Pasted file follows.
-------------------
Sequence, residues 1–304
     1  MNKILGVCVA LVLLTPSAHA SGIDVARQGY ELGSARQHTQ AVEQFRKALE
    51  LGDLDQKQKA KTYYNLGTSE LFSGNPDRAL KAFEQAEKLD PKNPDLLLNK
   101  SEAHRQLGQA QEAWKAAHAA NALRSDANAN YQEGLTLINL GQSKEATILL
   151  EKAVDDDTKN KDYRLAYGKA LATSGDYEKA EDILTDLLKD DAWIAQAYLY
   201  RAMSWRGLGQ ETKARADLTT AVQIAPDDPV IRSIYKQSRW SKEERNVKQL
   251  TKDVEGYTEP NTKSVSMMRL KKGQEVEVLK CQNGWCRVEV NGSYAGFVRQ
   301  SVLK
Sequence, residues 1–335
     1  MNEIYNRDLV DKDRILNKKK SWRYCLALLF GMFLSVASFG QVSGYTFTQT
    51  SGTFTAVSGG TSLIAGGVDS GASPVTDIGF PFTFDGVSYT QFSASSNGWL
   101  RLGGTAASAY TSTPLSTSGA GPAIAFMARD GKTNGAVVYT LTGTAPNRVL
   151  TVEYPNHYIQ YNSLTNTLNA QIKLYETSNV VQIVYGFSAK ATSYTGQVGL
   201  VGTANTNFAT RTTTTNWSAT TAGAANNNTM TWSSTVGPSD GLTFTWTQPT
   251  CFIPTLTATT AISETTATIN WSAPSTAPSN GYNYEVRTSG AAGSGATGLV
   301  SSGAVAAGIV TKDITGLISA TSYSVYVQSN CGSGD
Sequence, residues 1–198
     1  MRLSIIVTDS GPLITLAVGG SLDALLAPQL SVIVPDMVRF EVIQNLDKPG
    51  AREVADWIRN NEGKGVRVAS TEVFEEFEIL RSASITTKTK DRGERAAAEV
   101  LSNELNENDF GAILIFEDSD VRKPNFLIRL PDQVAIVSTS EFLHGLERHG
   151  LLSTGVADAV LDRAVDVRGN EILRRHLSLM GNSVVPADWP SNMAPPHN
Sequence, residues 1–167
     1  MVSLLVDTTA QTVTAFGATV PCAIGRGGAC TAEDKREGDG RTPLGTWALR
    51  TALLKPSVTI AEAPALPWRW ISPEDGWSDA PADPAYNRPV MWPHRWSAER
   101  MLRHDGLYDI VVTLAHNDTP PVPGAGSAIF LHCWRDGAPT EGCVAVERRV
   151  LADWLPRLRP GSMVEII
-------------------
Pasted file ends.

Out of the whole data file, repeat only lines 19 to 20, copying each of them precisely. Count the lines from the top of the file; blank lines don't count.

    51  AREVADWIRN NEGKGVRVAS TEVFEEFEIL RSASITTKTK DRGERAAAEV
   101  LSNELNENDF GAILIFEDSD VRKPNFLIRL PDQVAIVSTS EFLHGLERHG